Scratch Building :- (Building a model from plans or from your own design.)

For many building a model from scratch is what it's all about. The satisfaction of creating a model that looks good and flyes well from nothing more than a set of plans or an idea is an important part of this hobby.

To help you get started we have set out the following to explain some of the important differences in the basic model building materials. Balsa wood, Spruce, and Plywood & Adhesives.

It's not complicated, but choosing the correct materials for the various areas of a model is important. We have an extensive range of building materials as well as tools, and hardware. The following should help, But if you want we are quite happy to select the most suitable wood sizes and types, as well as the appropriate hardware for your project.

Simply call in or fax, email or phone a list of the materials you need along with a description of the intended use and we can recommend or select the items most suited.

Balsa Wood. A fast growing, light weight timber with generally straight grain. A wood that has been the primary timber for model construction for many years.

Because of it's quick growth it can and does vary considerably in weight, and in strength.

Balsa is available in either 915mm or 1220mm lengths, and in sheets either 75, or 100mm wide (We only stock the 100mm wide sheets as I can't see the point in skinny little bits. The odds are you will find the wider more practical (less joins) and off cuts can and will be used up on your current or next project) Thickness range from 1, 1.5, 2, 2.5, 3, 4, 5, 6.5, 8, 9.5, 12, 16, 19, and 25mm Then into blocks up to 100mm

As well as sheets, balsa is available in square, rectangular and triangular sections, as well as special Leading Edge (LE) and Trailing Edge (TE) profiles,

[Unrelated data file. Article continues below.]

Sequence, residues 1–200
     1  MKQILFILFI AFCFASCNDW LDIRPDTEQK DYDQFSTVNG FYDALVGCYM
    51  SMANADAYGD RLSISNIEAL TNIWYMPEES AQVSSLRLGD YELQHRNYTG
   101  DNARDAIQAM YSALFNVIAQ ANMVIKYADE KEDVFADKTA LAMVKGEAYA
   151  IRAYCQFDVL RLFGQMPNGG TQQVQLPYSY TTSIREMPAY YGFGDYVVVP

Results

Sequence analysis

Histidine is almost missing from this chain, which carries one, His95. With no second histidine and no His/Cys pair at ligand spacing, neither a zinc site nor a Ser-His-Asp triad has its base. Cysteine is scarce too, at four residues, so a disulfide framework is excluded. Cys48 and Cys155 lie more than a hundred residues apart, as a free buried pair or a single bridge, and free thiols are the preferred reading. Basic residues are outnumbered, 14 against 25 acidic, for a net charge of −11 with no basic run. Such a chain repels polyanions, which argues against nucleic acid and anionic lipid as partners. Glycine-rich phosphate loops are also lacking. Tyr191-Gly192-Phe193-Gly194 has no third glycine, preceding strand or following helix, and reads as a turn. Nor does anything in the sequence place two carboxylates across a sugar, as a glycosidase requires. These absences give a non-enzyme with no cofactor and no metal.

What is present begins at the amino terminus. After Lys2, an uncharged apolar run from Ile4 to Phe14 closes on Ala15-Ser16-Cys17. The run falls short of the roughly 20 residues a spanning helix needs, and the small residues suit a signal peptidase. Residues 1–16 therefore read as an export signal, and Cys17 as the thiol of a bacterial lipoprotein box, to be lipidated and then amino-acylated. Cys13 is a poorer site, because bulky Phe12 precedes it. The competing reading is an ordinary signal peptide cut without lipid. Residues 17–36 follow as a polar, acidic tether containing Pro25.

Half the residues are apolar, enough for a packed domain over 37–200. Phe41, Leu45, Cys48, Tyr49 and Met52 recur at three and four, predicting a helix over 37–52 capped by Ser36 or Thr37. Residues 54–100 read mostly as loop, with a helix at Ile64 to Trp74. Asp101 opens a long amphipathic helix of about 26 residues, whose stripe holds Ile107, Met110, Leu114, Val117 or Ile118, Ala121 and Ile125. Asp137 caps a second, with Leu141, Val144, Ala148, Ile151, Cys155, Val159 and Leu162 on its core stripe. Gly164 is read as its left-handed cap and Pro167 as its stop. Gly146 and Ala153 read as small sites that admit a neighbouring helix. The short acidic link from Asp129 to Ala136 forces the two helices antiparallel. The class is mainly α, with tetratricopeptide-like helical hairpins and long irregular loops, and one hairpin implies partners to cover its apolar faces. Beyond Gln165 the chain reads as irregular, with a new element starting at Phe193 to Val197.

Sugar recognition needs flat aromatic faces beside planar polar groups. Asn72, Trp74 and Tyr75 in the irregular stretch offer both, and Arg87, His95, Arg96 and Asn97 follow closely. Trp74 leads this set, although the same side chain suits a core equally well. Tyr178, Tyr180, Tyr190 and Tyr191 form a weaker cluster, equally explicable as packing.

You can divide balsa sheets into 3 main types. Standard grain ( more correctly A grain, & B grain), Contest Grade, & Quarter Grain. We make a point of stocking al three types. Contest and Quarter grain sheets are more expensive than standard, largly because of having to have quarter grain specially cut, and the contest grade hand graded.

Quarter Grain. This is a cut of balsa that can easily be identified by the mottled grain pattern (see oposite). It is much stiffer across the sheet than standard grain balsa.

It's main use would be anywere were you need stiffness, wing ribs or some formers, you would not use it for sheeting the leading edge of a wing for example, as it's not going to be happy bending.

Contest Grade. Because balsa is fast growing it's weight does vary greatly, Contest Grade is hand selected to be about 6lb density, it is the lighter weight sheets within a sheet size. It will not have the stiffness across the sheet that quarter grain has, nor will it be as strong as standard grain, but it will be lighter.

It's main use is anywhere were weight is going to be an issue, and maximum strength per size is not required. The tail end of a model is a good example. Keep the tail light, remember one extra ounce in the tail will take about five ounces added to the nose of the model to achieve balance. That's a total of six ounces (170 grams for the un educated) wasted in non productive weight. Heavy models don't fly, and weight is not strength !!

Standard Grain. For simplicity we will call anything that is not quarter grain or contest grade standard grain. It is a mixture of A&B grain types.

A Grain has long fibers that show up as long grain lines. It is very flexible across the sheet and bends around curves easily. Also warps easily. Sometimes called "tangent cut." Use for sheet covering rounded fuselages and wing leading edges, planking fuselages, forming tubes, Don't use for sheet balsa wings or tail surfaces, flat fuselage sides, ribs, or formers.